Efficacy of language intervention in the early years
Fricke S., Bowyer-Crane C., Haley AJ., Hulme C., Snowling MJ.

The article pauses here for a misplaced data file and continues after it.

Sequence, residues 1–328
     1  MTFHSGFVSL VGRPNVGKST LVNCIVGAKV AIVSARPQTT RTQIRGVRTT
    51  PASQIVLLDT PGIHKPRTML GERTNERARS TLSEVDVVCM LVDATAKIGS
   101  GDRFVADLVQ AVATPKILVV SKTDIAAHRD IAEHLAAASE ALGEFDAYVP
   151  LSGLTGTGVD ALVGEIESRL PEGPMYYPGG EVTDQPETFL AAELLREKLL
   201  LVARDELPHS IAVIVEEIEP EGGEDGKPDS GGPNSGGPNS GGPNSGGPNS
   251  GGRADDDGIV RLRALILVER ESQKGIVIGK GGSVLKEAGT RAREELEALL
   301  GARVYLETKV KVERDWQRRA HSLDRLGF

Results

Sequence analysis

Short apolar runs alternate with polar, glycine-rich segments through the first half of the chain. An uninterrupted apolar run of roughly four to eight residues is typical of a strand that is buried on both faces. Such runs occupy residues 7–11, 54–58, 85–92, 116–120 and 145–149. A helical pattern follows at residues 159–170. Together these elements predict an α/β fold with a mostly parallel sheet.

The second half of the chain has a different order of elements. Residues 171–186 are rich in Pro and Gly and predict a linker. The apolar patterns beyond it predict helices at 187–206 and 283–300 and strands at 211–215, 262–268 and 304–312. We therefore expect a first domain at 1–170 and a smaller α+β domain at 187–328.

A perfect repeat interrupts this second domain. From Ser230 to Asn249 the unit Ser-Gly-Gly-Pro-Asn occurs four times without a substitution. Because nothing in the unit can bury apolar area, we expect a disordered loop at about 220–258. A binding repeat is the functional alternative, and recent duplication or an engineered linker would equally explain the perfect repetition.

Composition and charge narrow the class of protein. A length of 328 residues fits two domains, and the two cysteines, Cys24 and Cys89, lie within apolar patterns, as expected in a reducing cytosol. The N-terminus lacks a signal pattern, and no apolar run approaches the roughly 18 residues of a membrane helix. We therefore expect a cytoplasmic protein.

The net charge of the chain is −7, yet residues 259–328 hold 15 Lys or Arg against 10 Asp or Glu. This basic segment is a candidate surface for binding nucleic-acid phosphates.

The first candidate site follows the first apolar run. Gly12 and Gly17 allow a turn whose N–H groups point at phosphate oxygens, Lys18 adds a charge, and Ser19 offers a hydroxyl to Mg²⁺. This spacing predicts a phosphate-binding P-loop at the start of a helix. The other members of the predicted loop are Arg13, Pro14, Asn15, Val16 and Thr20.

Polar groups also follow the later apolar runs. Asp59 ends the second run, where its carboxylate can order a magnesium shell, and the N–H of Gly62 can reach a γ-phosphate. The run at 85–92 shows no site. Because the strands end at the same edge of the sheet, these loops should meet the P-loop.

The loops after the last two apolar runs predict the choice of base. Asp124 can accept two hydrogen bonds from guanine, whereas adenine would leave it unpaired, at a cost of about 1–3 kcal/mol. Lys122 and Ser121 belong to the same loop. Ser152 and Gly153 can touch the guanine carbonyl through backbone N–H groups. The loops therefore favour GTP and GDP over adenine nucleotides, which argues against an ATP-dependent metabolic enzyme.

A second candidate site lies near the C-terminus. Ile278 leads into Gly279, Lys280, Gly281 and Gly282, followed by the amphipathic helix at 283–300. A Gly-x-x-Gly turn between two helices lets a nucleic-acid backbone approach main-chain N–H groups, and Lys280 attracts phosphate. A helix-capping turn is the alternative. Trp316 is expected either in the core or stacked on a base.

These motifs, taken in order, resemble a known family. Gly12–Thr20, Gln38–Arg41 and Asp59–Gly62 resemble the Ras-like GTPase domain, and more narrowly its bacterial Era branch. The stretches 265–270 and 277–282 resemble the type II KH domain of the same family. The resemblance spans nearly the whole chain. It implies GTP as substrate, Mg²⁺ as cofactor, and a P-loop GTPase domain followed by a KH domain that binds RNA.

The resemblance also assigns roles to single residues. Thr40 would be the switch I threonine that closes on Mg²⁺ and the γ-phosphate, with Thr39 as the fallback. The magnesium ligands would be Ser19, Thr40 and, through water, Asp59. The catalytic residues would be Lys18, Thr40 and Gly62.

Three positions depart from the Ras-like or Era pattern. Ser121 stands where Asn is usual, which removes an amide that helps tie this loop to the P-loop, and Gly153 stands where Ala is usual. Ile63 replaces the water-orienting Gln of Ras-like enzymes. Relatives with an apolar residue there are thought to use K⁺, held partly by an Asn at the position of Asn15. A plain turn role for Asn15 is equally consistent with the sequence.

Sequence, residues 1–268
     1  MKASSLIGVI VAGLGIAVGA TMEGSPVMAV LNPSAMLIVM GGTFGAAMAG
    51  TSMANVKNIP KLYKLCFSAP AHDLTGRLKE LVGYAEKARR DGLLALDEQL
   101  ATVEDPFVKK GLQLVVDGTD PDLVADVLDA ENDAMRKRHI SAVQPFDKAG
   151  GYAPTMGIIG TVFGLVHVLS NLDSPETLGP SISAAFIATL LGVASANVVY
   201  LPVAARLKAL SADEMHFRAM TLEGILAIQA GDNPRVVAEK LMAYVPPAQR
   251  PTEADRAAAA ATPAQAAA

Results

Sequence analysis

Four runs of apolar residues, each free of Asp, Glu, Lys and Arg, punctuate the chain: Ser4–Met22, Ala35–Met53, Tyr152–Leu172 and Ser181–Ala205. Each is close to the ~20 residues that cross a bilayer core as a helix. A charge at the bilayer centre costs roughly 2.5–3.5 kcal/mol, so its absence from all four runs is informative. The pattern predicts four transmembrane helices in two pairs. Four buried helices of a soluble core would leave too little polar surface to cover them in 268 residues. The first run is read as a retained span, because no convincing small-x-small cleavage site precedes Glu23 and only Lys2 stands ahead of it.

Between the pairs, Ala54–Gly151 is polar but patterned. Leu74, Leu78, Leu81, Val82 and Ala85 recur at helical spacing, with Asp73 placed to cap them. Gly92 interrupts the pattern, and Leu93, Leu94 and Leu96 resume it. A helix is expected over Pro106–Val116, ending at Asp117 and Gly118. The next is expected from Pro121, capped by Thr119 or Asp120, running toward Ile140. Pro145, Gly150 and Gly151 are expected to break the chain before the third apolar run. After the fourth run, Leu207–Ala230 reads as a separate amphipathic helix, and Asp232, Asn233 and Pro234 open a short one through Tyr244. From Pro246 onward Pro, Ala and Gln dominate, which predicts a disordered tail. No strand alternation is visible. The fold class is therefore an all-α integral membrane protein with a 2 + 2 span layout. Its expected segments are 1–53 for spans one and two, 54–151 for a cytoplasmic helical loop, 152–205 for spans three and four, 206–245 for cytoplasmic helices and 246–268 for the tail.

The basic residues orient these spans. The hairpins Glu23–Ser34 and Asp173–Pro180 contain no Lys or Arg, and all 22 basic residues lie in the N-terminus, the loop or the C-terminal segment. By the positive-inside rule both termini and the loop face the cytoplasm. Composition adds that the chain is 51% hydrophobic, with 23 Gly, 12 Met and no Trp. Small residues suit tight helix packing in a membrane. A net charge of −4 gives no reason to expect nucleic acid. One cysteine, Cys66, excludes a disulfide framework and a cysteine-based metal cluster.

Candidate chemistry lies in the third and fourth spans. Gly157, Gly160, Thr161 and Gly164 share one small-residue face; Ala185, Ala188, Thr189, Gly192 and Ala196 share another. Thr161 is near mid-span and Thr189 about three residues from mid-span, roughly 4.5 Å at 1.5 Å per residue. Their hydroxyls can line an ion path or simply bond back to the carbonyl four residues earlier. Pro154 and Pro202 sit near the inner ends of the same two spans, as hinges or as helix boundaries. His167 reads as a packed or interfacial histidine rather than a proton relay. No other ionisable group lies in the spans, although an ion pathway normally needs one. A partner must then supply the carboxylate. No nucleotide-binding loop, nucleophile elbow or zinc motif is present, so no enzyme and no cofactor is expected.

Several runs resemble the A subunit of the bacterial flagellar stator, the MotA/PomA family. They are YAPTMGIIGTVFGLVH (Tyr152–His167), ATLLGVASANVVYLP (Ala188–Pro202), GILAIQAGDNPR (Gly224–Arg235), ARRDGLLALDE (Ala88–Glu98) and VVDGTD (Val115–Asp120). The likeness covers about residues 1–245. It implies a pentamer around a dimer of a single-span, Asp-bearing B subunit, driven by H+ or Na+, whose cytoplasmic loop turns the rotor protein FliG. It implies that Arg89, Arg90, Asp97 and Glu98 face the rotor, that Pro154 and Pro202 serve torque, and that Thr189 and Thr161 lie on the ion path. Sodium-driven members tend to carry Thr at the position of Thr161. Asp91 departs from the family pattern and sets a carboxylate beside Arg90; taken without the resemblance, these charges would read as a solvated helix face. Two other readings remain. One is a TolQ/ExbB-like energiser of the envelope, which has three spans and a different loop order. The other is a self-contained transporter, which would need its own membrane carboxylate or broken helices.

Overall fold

Background: Oral language skills in the preschool and early school years are critical to educational success and provide the foundations for the later development of reading comprehension. Methods: In a randomized controlled trial, 180 children from 15 UK nursery schools (n = 12 from each setting; M age = 4;0) were randomly allocated to receive a 30-week oral language intervention or to a waiting control group. Children in the intervention group received 30 weeks of oral language intervention, beginning in nursery (preschool), in three group sessions per week, continuing with daily sessions on transition to Reception class (pre-Year 1). The intervention was delivered by nursery staff and teaching assistants trained and supported by the research team. Following screening, children were assessed preintervention, following completion of the intervention and after a 6-month delay. Results: Children in the intervention group showed significantly better performance on measures of oral language and spoken narrative skills than children in the waiting control group immediately after the 30 week intervention and after a 6 month delay. Gains in word-level literacy skills were weaker, though clear improvements were observed on measures of phonological awareness. Importantly, improvements in oral language skills generalized to a standardized measure of reading comprehension at maintenance test. Conclusions: Early intervention for children with oral language difficulties is effective and can successfully support the skills, which underpin reading comprehension. © 2012 The Authors. Journal of Child Psychology and Psychiatry © 2012 Association for Child and Adolescent Mental Health.